Should You Stop Taking ADHD Medication?
Medication can be a great help in treating the symptoms of attention deficit hyperactivity disorder (ADHD), but it has its flaws as well, which can make long-term treatment with medication difficult to maintain. You may have considered going off meds, or even gone so far as to try it. You might even have done it a few times. Some people do this without first consulting their doctor or therapist. Usually, symptoms of the disorder return in full force, and with them comes a desire to start taking the medication again.
Reasons For Stopping
If medication helps control symptoms, why stop in the first place? There are many reasons, all of them as unique as the person taking the medication. Generally speaking, they fall into a few basic categories.
One of the most common and relatable reasons people stop taking their ADHD medication is the adverse effects. These can cover a huge range of symptoms, including everything from racing heartbeat, to erectile dysfunction, to insomnia and fatigue, and can range from mild to unbearable.
When I've worked up to a higher dose of Ritalin in the past, I have the same constant lightheaded, nauseated, jittery feeling I get when I drink too much coffee on an empty stomach. It's not much fun, and can really impair my ability to focus and function, which is what the Ritalin was supposed to improve in the first place.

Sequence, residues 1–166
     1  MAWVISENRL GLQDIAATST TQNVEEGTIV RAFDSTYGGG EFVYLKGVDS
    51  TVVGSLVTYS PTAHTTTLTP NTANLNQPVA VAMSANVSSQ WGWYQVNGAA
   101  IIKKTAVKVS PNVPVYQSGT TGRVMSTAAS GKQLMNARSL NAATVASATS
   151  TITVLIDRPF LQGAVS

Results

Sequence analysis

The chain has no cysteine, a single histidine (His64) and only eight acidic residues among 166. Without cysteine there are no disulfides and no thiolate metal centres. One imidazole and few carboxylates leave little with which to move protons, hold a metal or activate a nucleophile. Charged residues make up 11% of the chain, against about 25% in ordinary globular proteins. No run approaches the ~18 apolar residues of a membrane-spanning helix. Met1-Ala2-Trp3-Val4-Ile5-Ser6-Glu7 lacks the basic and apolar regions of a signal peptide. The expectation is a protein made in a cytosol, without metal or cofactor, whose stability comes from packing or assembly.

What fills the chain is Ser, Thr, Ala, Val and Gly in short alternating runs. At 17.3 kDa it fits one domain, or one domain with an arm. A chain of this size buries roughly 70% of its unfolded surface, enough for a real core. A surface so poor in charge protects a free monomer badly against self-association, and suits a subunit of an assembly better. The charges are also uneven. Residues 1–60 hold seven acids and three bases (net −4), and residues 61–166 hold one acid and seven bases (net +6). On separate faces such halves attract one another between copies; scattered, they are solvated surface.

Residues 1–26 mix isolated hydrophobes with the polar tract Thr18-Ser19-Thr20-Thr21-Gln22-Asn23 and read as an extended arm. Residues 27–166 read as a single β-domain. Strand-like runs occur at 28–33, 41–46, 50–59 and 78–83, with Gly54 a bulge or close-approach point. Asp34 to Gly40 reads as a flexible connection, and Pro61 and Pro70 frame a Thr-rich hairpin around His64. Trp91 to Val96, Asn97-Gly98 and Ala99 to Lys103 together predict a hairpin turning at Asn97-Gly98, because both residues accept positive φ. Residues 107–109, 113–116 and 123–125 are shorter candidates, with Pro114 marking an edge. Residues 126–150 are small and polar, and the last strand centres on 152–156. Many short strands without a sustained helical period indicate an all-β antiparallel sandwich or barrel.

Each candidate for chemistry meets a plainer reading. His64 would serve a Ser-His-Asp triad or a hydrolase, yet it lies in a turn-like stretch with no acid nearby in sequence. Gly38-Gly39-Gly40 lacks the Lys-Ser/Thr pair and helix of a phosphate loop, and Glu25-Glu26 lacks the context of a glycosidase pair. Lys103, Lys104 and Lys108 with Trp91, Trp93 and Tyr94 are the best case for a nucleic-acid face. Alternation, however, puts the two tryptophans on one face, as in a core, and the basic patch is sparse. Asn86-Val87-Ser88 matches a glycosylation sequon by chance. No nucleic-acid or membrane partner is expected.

Developing a Tolerance
Stimulant medications like methylphenidate (Ritalin) can be of great help in treating ADHD and are generally the preferred course of therapy. However, stimulants have their flaws that can make long-term treatment with the drug difficult.
Namely, the need to regularly increase dosage until the maximum level is reached, followed by subsequently stopping usage for a period, can make management of symptoms difficult.
The Internet is an amazing tool when it comes to learning more about your disorder and its management. But let's face it, not everything you read online is true.
Googling phrases like 'Ritalin causes cancer,' for example, will bring up countless references to a study which found a startling increase in certain cell mutations over a three-month period; what you will not find links to, however, are the more recent articles pointing out that these measurements were a fluke and the study was shown to be invalid.
There are even more blogs and sites with purely bogus claims that ADHD medications cause everything from cancer to diabetes, and countless people have stopped taking medication because of such rumors.